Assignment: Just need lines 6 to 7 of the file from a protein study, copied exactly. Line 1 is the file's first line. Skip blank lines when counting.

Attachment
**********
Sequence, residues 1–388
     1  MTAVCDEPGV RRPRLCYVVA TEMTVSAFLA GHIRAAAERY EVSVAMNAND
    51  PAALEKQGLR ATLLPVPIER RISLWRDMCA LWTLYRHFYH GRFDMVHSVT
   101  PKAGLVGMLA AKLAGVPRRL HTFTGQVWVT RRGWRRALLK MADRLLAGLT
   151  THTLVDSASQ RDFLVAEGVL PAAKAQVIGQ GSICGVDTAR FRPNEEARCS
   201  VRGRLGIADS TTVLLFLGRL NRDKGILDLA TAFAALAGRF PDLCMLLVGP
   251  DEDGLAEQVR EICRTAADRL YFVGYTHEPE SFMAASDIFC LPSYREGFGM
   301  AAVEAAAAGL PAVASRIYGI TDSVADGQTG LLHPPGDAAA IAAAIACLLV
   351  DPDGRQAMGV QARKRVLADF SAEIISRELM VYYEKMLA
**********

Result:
   201  VRGRLGIADS TTVLLFLGRL NRDKGILDLA TAFAALAGRF PDLCMLLVGP
   251  DEDGLAEQVR EICRTAADRL YFVGYTHEPE SFMAASDIFC LPSYREGFGM